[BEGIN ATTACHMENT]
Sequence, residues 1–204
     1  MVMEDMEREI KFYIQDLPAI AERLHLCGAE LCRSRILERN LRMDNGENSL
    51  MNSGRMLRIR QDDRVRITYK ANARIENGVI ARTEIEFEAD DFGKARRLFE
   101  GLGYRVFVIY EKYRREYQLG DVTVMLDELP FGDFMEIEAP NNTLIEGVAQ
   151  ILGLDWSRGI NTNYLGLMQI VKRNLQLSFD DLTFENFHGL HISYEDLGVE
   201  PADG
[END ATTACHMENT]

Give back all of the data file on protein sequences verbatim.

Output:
Sequence, residues 1–204
     1  MVMEDMEREI KFYIQDLPAI AERLHLCGAE LCRSRILERN LRMDNGENSL
    51  MNSGRMLRIR QDDRVRITYK ANARIENGVI ARTEIEFEAD DFGKARRLFE
   101  GLGYRVFVIY EKYRREYQLG DVTVMLDELP FGDFMEIEAP NNTLIEGVAQ
   151  ILGLDWSRGI NTNYLGLMQI VKRNLQLSFD DLTFENFHGL HISYEDLGVE
   201  PADG